flat earth • Since Jan 2007 • 4591 posts Report Reply

  • izogi, in reply to Marc C,

    The challenges put to Labour's Andrew Little and the Green's James Shaw are now in the form of questions like: "But have you found anything illegal?" As the way the law is, and as the way the system is ALLOWED to operate (thus far), the activities revealed are in the form of the foreign owned trusts held in New Zealand not strictly illegal.

    ..which also conveniently misses the point, for those who claim this. If someone discovered a technicality which enabled them to legally kill a person they didn't like, and did so, would that make it okay? Or would it make it a serious issue with the law that needed to be fixed? What if that technicality had been identified years before, and the government of the day had actively done nothing?

    And listening to Andrew Little on Morning Report, where Guyon Espiner gave him some hard time, asking him, why he thought ALL should be called to be "grubby" who hold such trusts, Labour have an uphill battle again.

    I don't fully agree with how Andrew Little and Labour have responded to this. He still doesn't interview brilliantly, but at least he's actually turning up to be interviewed by people like Guyon Espiner. That's more than the Prime Minister can say, who instead chooses to only expose himself to breakfast TV hosts who already spend significant amounts of their time being blanket apologists instead of actually aiming to challenge anyone and everyone they interview.

    Wellington • Since Jan 2007 • 1139 posts Report Reply

  • Alfie, in reply to Joe Wylie,

    The phrase “personality cult” may be a little strong Joe. While Dunne has certainly modified his position over the last four years, he’s currently the only member of the government support team actively criticising our tax haven status.

    Incidentally, does anyone know where the Maori Party stands on this issue? I haven’t been able to track down a single statement from them.

    Dunedin • Since May 2014 • 1385 posts Report Reply

  • linger, in reply to Joe Wylie,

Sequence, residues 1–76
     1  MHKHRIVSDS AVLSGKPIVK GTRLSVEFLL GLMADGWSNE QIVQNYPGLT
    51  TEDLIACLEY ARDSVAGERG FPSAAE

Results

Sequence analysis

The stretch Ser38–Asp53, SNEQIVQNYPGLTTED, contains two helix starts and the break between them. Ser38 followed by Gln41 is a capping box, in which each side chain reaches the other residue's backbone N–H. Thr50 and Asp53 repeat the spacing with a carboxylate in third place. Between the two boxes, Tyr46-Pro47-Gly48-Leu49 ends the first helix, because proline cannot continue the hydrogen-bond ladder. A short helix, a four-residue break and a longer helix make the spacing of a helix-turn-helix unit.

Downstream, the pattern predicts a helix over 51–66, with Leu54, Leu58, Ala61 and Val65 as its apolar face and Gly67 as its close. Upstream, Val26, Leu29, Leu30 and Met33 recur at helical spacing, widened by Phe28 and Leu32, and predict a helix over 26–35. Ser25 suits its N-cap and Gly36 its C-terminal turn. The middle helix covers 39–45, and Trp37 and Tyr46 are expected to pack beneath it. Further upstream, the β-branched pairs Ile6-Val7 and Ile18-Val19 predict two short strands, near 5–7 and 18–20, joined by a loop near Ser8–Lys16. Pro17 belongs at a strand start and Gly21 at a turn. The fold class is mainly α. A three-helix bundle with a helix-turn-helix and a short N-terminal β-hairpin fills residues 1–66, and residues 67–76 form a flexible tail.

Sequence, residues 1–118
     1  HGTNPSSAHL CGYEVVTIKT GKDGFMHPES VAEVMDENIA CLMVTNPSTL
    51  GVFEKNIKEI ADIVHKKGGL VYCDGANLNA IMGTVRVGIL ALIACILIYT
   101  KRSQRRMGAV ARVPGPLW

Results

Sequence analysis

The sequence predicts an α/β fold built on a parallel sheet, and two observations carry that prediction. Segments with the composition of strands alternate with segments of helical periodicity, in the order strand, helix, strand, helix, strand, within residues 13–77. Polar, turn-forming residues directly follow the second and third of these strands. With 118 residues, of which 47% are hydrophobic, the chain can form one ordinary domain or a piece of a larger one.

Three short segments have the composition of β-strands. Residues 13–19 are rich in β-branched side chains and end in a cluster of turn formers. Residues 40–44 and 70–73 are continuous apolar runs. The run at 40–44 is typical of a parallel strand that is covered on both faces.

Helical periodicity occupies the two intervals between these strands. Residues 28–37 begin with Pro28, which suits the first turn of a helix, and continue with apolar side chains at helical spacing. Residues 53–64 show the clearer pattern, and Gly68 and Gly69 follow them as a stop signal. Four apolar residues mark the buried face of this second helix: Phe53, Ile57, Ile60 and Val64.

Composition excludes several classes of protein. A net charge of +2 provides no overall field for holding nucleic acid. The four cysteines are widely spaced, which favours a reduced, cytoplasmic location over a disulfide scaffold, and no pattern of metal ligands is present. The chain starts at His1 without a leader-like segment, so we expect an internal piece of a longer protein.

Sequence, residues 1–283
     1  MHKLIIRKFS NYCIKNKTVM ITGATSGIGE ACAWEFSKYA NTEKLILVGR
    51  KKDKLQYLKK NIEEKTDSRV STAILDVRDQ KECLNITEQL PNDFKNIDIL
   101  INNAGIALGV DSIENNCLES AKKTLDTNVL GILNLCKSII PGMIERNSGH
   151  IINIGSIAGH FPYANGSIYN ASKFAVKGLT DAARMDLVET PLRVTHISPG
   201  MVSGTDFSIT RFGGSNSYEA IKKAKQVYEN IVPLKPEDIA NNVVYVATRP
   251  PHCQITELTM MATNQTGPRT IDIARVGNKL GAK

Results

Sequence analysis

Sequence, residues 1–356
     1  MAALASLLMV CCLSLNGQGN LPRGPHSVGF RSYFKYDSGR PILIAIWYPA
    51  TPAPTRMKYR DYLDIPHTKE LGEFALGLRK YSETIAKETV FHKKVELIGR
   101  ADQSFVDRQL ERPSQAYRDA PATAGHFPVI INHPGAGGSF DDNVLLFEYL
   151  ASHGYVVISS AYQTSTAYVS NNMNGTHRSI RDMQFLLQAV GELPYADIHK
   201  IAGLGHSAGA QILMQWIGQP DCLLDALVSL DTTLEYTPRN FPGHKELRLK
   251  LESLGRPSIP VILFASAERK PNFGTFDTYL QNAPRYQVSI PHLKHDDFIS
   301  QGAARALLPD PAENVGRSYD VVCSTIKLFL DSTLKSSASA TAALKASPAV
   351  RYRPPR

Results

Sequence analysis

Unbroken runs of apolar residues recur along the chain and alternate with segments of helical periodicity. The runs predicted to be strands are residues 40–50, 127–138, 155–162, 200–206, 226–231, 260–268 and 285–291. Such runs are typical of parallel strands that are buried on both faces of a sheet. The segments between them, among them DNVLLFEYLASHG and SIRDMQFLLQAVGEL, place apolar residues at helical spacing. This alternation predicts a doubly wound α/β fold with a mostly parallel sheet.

Also relevant, Dunne won Ohariu by only a wafer-thin plurality last election, and needs desperately to strengthen his brand in order to be re-elected next time.
    This may be a good thing if it pushes him more into line with the average voter.

    Tokyo • Since Apr 2007 • 1887 posts Report Reply

  • Moz, in reply to izogi,

    If someone discovered a technicality which enabled them to legally kill a person

    I'm told that Western Australia only disallowed hunting permits that included aboriginals late last century. Whether someone could have got a permit issued and used it is an open question, but it was at least superficially the technicality you are looking for.

    The other "technicality" is the legal practice of heavily discounting driving incidents so you end up with "I was drunk and he annoyed me" ending with a conviction for... perjury, in the case of one Australian former police officer here. Wasn't there a case in Christchurch a few years ago where a drunk got in a car and drove it through a crowd of people, injuring if not killing people? No "attempted murder" or even "assault with deadly weapon" charges there IIRC.

    (sorry, can't find links, but II have looked)

    Sydney, West Island • Since Nov 2006 • 1193 posts Report Reply

  • izogi, in reply to Moz,

    Wasn't there a case in Christchurch a few years ago where a drunk got in a car and drove it through a crowd of people, injuring if not killing people? No "attempted murder" or even "assault with deadly weapon" charges there IIRC.

    I'm not sure if it's the incident to which you're referring, but in 2007 there was an incident on Edgeware Road for which the driver was convicted of two murders and sentenced to a minimum of 17 years jail without parole.

    Wellington • Since Jan 2007 • 1139 posts Report Reply

  • Moz, in reply to izogi,

    I suspect it is, which kinda disproves my point. Less of a loophole in NZ, by the look of it.

    Sydney, West Island • Since Nov 2006 • 1193 posts Report Reply

  • papango, in reply to Alfie,